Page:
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Showing posts with label learning disabilities. Show all posts
Showing posts with label learning disabilities. Show all posts

Monday, May 14, 2018

How Language Difficulties Impact Math Development

By: Alissa Talamo, Ph. D.
Clinical Neuropsychologist

Did you know research shows that 43-65% of students diagnosed with Dyslexia also struggle with math at a level that meets criteria for a Specific Learning Disability in Math? This is in comparison to the general population, where 5-7 % of the population meet criteria for a Specific Math Disability (Dyscalculia – difficulties with number sense, number facts, or calculations). 

I recently attended a lecture given by Dr. Joanna A. Christodoulou, assistant professor in the Department of Communication Sciences and Disorders at Massachusetts General Hospital and leader of the Brain, Education, and Mind (BEAM) Team in the Center for Health and Rehabilitation Research at MGH. The topic of discussion? How language difficulties can negatively impact math development.

How do language difficulties impact math development?

When asked to learn math, a student with language problems may:
· Have difficulty with the vocabulary of math
· Be confused by language word problems
· Not know when irrelevant information is included or when information is given out of sequence
· Have difficulty understanding directions
· Have difficulty explaining and communicating about math including asking and answering  questions 
· Have difficulty reading texts to direct their own learning
· Have difficulty remembering assigned values or definitions in specific problems

It is helpful to have an understanding of typical math development in children. With this information, a parent can monitor their child’s development relative to grade level expectations.

Math difficulties often looks different at different ages. It becomes more apparent as children get older but symptoms can be observed as early as preschool. Here are some things to look for:

· Has trouble learning to count
· Skips over numbers long after kids the same age can remember numbers in the right order
· Struggles to recognize patterns, such as smallest to largest or tallest to shortest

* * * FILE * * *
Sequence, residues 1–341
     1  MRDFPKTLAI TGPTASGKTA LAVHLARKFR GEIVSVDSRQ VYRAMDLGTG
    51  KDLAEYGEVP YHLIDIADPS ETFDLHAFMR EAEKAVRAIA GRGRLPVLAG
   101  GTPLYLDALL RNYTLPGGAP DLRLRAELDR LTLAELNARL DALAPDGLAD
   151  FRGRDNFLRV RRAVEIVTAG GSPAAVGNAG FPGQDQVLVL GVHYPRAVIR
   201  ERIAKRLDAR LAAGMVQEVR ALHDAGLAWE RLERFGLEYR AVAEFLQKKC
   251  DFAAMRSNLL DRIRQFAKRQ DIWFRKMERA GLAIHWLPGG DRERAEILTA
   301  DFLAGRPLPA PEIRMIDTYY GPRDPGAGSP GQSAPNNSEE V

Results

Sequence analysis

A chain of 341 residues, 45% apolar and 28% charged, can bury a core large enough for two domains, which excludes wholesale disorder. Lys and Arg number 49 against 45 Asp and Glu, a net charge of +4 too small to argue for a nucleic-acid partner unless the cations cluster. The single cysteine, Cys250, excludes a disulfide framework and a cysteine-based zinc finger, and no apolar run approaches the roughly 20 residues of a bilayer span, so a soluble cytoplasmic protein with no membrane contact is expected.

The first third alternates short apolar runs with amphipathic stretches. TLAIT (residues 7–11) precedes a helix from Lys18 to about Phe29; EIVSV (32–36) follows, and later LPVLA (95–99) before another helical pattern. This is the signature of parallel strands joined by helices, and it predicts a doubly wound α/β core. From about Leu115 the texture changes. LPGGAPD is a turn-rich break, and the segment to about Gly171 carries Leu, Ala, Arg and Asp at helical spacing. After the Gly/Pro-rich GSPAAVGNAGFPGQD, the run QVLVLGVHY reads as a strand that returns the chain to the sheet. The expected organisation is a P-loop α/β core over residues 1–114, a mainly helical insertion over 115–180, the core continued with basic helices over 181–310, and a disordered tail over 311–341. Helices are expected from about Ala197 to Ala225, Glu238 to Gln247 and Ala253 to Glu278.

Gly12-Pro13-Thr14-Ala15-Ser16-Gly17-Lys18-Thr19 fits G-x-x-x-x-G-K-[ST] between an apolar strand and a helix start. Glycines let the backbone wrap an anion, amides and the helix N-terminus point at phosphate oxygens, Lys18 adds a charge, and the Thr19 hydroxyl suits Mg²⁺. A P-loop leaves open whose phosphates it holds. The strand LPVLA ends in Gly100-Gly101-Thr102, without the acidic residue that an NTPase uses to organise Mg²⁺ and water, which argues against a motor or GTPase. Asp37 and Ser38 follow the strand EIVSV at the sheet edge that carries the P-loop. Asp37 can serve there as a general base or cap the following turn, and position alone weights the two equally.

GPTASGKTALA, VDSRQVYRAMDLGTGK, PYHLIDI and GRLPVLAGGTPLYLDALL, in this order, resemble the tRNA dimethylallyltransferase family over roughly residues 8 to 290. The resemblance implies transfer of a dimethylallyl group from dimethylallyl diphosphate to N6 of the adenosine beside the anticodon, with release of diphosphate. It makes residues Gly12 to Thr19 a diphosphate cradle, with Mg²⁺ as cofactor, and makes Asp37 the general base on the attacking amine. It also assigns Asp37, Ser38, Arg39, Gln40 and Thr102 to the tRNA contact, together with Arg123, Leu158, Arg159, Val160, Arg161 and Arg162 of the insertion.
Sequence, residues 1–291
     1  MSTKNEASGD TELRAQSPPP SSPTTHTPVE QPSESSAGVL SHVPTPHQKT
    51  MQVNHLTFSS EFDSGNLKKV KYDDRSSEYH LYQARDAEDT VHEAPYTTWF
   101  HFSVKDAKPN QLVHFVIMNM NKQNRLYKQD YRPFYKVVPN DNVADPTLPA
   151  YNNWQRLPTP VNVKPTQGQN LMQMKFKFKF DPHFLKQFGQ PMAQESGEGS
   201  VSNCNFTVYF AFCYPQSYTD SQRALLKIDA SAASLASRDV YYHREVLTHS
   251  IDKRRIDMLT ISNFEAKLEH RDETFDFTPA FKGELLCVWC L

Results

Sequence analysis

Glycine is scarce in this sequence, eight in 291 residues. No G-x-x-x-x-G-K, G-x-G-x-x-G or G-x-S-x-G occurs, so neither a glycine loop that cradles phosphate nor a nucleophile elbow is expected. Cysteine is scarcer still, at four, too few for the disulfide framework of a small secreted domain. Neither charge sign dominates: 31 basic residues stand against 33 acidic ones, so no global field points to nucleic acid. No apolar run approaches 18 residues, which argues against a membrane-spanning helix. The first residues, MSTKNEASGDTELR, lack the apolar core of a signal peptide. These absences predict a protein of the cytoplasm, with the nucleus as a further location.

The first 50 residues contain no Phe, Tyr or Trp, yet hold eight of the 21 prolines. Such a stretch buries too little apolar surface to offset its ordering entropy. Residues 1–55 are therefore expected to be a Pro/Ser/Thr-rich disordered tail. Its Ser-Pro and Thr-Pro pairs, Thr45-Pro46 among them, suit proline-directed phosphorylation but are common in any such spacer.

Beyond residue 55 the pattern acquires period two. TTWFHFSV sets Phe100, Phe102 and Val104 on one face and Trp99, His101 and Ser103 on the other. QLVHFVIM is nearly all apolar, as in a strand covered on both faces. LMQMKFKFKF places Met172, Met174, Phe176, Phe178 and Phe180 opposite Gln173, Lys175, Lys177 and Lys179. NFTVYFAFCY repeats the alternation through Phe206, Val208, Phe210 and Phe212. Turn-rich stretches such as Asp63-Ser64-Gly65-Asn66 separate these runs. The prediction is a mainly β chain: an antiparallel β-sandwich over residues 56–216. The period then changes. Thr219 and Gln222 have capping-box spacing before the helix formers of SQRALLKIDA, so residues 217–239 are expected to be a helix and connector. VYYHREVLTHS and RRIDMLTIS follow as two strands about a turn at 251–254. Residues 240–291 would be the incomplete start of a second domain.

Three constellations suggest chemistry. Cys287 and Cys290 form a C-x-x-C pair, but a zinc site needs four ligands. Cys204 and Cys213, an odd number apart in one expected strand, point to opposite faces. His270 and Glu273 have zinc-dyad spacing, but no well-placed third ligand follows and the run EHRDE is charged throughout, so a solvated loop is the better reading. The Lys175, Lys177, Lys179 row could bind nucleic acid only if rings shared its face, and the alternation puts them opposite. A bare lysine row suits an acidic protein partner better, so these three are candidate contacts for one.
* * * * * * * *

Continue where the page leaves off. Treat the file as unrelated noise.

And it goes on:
· Has trouble recognizing number symbols (knowing that “7” means seven)
· Unable to demonstrate the meaning of counting. For example, when asked to give you 6 crayons, the child provides a handful, rather than counting out the crayons 

In grades One to Three, a child should:
· Begin to perform simple addition and subtraction computations efficiently
· Master basic math facts (such as 2+3=5)
· Recognize and respond accurately to mathematical signs
· Begin to grasp multiplication (grade 3)
· Understand the concept of measurement and be able to apply this understanding
· Improve their concept of time and money

Clearly, as a child continues through school, demands to understanding abstract math concepts increases. For example, in middle school, a child will be expected to understand concepts such as place value and changing fractions to percentiles, and when in high school, a child will be expected to understand increasingly complex formulas as well as be able to find different approaches to solve the same math problem.

What should I do if I suspect my child has challenges with math?
If you suspect your child is struggling to gain math skills, have your child receive an independent comprehensive evaluation so that you understand your child’s areas of cognitive and learning strengths and weaknesses. This evaluation should also include specific, tailored recommendations to address your child’s learning difficulties.

What if I am not sure whether my child needs a neuropsychological evaluation?
When determining whether an initial neuropsychological evaluation or updated neuropsychological evaluation is needed, parents often choose to start with a consultation. A neuropsychological consultation begins with a review of the child's academic records (e.g., report card, progress reports, prior evaluation reports), followed by a parent meeting, during which concerns and questions are discussed about the child's profile and potential needs. Based on that consultation, the neuropsychologist can offer diagnostic hypotheses and suggestions for next steps, which might include a comprehensive neuropsychological evaluation, work with a transition specialist, or initiation of therapy or tutoring. While a more comprehensive understanding of the child would be gleaned through a full assessment, a consultation is a good place to start when parents need additional help with decision making about first steps.